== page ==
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Mol Phylogenet Evol. 2017 Jul;112:107-121. doi: 10.1016/j.ympev.2017.03.025. Epub 2017 Apr 3.

The niche and phylogeography of a passerine reveal the history of biological diversification between the Andean and the Atlantic forests.

Author information

1
Museo Argentino de Ciencias Naturales "Bernardino Rivadavia"-CONICET. Av. Ángel Gallardo 470, Buenos Aires, C1405DJR, Argentina.
2
Instituto de Ciências Biológicas, Universidade Federal de Minas Gerais, Avenida Antonio Carlos, 6627, Caixa Postal 486, Belo Horizonte, MG 31270-010, Brazil; Pontifícia Universidade Católica de Mina Gerais, Av. Dom Jose Gaspar, 500, Belo Horizonte, MG, Brazil.
3
Instituto de Investigación de Recursos Biológicos Alexander von Humboldt, Colecciones Biológicas, km 17 carretera Cali-Palmira (CIAT), Valle del Cauca, Colombia; Grupo de Estudios en Biodiversidad, Escuela de Biología, Facultad de Ciencias, Universidad Industrial de Santander, Cra 27 Calle 9, Bucaramanga, Colombia.
4
Instituto de Ecología, Universidad Mayor de San Andrés, C/27 Cota Cota, La Paz, Bolivia.
5
Colección Boliviana de Fauna - Museo Nacional de Historia Natural, C/26 Cota Cota, La Paz, Bolivia.
6
Instituto de Ciências Biológicas, Universidade Federal de Minas Gerais, Avenida Antonio Carlos, 6627, Caixa Postal 486, Belo Horizonte, MG 31270-010, Brazil.
7
Instituto de Biociências, Universidade de São Paulo, rua do Matão, 277, São Paulo, SP, Brazil.
8
Museu Paraense Emılio Goeldi, Caixa Postal 399, Belém, PA, Brazil.
9
Museo Argentino de Ciencias Naturales "Bernardino Rivadavia"-CONICET. Av. Ángel Gallardo 470, Buenos Aires, C1405DJR, Argentina. Electronic address: gscabanne@yahoo.com.

Abstract

The Atlantic Forest is separated from the Andean tropical forest by dry and open vegetation biomes (Chaco and Cerrado). Despite this isolation, both rainforests share closely related lineages, which suggest a past connection. This connection could have been important for forest taxa evolution. In this study, we used the Saffron-billed Sparrow (Arremon flavirostris) as a model to evaluate whether the Andean and the Atlantic forests act as a refugia system, as well as to test for a history of biogeographic connection between them. In addition, we evaluated the molecular systematic of intraspecific lineages of the studied species. We modeled the current and past distribution of A. flavirostris, performed phylogeographic analyses based on mitochondrial and nuclear genes, and used Approximate Bayesian Computation (ABC) analyses to test for biogeographic scenarios. The major phylogeographic disjunction within A. flavirostris was found between the Andean and the Atlantic forests, with a divergence that occurred during the Mid-Pleistocene. Our paleodistribution models indicated a connection between these forest domains in different periods and through both the Chaco and Cerrado. Additionally, the phylogeographic and ABC analyses supported that the Cerrado was the main route of connection between these rainforests, but without giving decisive evidence against a Chaco connection. Our study with A. flavirostris suggest that the biodiversity of the Andean and of the Atlantic forests could have been impacted (and perhaps enriched?) by cycles of connections through the Cerrado and Chaco. This recurrent cycle of connection between the Andean and the Atlantic Forest could have been important for the evolution of Neotropical forest taxa. In addition, we discussed taxonomic implications of the results and proposed to split the studied taxon into two full species.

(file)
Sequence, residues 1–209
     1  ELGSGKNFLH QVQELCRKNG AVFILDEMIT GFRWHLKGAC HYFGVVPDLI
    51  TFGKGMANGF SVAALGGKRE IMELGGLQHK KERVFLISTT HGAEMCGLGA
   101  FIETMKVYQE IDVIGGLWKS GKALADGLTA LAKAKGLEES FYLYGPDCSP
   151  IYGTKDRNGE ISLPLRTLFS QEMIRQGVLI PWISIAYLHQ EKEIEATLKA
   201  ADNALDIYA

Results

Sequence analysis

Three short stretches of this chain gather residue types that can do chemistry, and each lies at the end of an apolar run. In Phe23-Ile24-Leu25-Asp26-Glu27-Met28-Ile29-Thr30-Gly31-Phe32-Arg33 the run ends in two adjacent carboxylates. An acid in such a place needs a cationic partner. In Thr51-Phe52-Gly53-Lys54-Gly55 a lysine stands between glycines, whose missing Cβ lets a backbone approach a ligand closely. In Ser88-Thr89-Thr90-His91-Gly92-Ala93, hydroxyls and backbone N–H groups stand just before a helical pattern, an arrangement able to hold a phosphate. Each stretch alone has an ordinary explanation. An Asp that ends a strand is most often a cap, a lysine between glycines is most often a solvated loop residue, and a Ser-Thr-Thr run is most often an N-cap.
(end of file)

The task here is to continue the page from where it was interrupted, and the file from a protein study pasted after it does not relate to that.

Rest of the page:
KEYWORDS:

Andean forest; Approximate Bayesian Computation; Atlantic forest; Cerrado; Chaco; Gallery forests

PMID:
28385604
DOI:
10.1016/j.ympev.2017.03.025
[Indexed for MEDLINE]
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